Monday, July 15, 2013

Summer Learning Series-TED Talks For Learning

This is the third post in my Summer Learning Series. These are short posts with tools, tips and resources for you to try something new this summer or something you can take to the classroom in the Fall. First was Collaborative Learning With Edmodo and then we followed up with Learning With Hashtags. Today we look at TED Talks and how you can use them to start a conversation and a great resource to do more with TED in your classroom. 

Sometimes, in a group it can be hard to get a conversation started. You need that one focal point for everyone to rally around to get things moving. Videos and images are a great way to get your message out there and get folks talking. The same is true in the classroom. I can be helpful to start a unit or a topic off with some kind of visual stimulant that gets those creative thoughts moving.

That is why I love the TED videos. Especially the Talks In Under 6 Minutes series. These are great, snapshots of what could be longer conversations in short bursts. They come in loads of topics that could start a class discussion or kick off a meeting.

Below are some of my favorite videos to spark a conversation. There are tons of these be sure to head over to the TED website to discover more of them.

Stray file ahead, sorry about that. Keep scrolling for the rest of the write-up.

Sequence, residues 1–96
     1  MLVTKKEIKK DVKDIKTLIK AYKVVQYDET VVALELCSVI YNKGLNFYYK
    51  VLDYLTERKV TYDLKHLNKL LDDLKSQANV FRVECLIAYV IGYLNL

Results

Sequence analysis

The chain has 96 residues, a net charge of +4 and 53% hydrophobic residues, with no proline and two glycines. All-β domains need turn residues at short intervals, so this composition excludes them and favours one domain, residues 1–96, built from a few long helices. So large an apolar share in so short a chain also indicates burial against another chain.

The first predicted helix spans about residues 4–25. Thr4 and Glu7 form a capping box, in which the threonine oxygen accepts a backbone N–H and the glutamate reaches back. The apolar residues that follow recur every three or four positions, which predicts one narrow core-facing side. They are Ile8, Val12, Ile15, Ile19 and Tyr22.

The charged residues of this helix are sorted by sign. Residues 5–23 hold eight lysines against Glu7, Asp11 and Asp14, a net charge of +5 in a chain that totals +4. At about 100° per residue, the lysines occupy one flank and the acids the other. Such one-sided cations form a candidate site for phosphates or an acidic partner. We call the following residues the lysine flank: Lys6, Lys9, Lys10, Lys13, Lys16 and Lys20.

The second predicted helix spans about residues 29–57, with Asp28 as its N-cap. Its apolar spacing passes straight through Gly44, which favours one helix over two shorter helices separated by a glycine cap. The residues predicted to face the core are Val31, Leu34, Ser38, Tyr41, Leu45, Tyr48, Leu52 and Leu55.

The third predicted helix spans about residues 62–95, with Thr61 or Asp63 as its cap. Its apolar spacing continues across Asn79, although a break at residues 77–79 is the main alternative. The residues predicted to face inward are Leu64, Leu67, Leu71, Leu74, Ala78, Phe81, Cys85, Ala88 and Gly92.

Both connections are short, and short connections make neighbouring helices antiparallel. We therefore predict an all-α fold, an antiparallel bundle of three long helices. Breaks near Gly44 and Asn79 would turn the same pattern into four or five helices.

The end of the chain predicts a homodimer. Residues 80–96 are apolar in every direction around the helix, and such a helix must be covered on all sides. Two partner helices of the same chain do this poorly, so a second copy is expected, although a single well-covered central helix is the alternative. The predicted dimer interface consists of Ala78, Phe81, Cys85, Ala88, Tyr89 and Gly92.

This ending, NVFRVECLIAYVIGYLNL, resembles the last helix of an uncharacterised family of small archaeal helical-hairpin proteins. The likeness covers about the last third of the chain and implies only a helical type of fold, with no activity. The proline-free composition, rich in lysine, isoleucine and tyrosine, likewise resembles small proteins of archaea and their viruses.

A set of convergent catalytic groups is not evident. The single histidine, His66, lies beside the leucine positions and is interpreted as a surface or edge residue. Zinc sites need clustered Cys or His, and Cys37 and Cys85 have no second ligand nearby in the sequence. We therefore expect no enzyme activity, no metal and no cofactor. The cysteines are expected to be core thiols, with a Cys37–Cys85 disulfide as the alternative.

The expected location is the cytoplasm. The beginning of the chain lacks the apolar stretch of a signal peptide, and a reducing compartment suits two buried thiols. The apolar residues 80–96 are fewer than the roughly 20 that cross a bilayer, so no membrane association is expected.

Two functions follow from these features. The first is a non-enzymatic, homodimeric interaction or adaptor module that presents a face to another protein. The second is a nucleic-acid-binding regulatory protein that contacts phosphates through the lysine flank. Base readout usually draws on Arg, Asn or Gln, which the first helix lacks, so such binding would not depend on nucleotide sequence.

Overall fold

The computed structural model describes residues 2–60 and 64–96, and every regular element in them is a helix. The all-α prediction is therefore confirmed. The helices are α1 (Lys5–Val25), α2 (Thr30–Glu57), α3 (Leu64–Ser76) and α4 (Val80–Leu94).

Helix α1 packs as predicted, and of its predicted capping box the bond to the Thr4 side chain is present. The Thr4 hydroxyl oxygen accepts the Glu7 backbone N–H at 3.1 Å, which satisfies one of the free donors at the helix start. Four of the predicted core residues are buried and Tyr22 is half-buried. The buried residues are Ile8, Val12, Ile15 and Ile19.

Derek Sievers: How To Start A Movement-This is hands-down my favorite one. I use this video to talk about leadership, obviously, but also the perils of the movement as well.

Rob Reid: The $8 Billion Dollar iPod-Understanding data and how it can be manipulated is important.

Renny Gleeson: 404, The Story Of A Page Not Found-How the 404 Page can build relationships.

Thomas Suarez: A 12 Year Old App Developer-If you give kids a chance, they can do some pretty cool things.

And lastly Mark Bezos: A Life Lesson From A Volunteer Firefighter-Why you shouldn't wait to be a hero.

Those are my 5. What are some of yours?

Oh, and in case you didn't know. There is a great wiki on Teaching With TED. Definitely worth a look if you want to use these or other TED videos in your classroom.
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